Today's Highlight in History:
On May tenth, 1869, a golden spike was driven at Promontory, Utah, marking the completion of the first transcontinental railroad in the United States.
On this date:
In 1774, Louis the 16th ascended the throne of France.
In 1775, Ethan Allen and his Green Mountain Boys captured the British-held fortress at Ticonderoga, New York.
In 1865, Union forces captured Confederate President Jefferson Davis in Irwinville, Georgia.
In 1899, movie musical star Fred Astaire was born in Omaha, Nebraska.
In 1924, J. Edgar Hoover was given the job of FBI director.
In 1933, the Nazis staged massive public book burnings in Germany.
In 1940, British Prime Minister Neville Chamberlain resigned, and Winston Churchill formed a new government.
In 1941, Adolf Hitler's deputy, Rudolf Hess, parachuted into Scotland on what he claimed was a peace mission. (Hess ended up serving a life sentence at Spandau prison until 1987, when he apparently committed suicide.)
In 1968, preliminary Vietnam peace talks began in Paris.
In 1994, the state of Illinois executed convicted serial killer John Wayne Gacy for the murders of 33 young men and boys.
Ten years ago: The government of China announced the release of 211 dissidents who had been involved in pro-democracy demonstrations a year earlier.
Five years ago: One-hundred-four miners were killed in an elevator accident in Orkney, South Africa. Terry Nichols was charged in the Oklahoma City bombing. Former President Bush's office released his letter of resignation from the National Rifle Association in which Bush expressed outrage over its reference to federal agents as "jack-booted government thugs."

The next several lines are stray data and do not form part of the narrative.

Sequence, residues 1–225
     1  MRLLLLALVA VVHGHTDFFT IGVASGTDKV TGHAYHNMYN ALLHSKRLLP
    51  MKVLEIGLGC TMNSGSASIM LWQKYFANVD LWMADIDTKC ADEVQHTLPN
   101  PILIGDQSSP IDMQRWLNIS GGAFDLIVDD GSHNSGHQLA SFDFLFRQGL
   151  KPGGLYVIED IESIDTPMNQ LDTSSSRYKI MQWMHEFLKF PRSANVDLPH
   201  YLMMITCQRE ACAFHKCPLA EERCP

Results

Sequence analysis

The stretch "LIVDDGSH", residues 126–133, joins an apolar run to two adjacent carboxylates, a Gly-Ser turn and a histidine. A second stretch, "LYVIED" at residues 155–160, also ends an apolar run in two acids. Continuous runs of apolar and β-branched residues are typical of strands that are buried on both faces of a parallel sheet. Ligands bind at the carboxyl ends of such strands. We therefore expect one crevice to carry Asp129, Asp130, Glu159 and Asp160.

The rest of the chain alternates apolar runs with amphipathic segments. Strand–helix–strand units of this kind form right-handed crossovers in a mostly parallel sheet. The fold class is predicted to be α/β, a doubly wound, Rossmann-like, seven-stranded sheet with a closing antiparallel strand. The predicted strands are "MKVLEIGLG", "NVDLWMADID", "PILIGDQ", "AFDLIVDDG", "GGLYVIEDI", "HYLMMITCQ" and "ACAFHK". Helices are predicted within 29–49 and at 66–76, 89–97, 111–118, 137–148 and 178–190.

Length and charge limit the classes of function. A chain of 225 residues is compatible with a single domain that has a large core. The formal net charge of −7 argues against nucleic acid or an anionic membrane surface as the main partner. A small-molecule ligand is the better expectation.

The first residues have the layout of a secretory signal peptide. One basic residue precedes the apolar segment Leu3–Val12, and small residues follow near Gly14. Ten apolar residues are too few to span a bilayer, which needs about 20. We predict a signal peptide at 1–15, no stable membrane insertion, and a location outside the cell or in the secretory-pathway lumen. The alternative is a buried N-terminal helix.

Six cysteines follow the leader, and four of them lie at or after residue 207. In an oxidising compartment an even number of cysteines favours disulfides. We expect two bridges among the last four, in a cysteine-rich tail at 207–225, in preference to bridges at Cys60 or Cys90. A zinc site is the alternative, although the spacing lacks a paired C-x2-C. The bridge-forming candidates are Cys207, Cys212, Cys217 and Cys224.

One year ago: China broke off talks on arms control with the United States, and allowed demonstrators to hurl stones at the US Embassy in Beijing for a third day to protest NATO's bombing of the Chinese Embassy in Yugoslavia. A military jury at Camp Lejeune, North Carolina, sentenced Captain Richard Ashby, a Marine pilot whose jet had clipped an Italian gondola cable, sending 20 people plunging to their deaths, to six months in prison and dismissed him from the corps for helping hide a videotape shot during the flight (Ashby was acquitted earlier of manslaughter). Cartoonist, playwright and songwriter Shel Silverstein was found dead in his Key West, Florida, apartment; he was 66.
"Nothing recedes like success."
-- Walter Winchell, American columnist and broadcaster (1897-1972).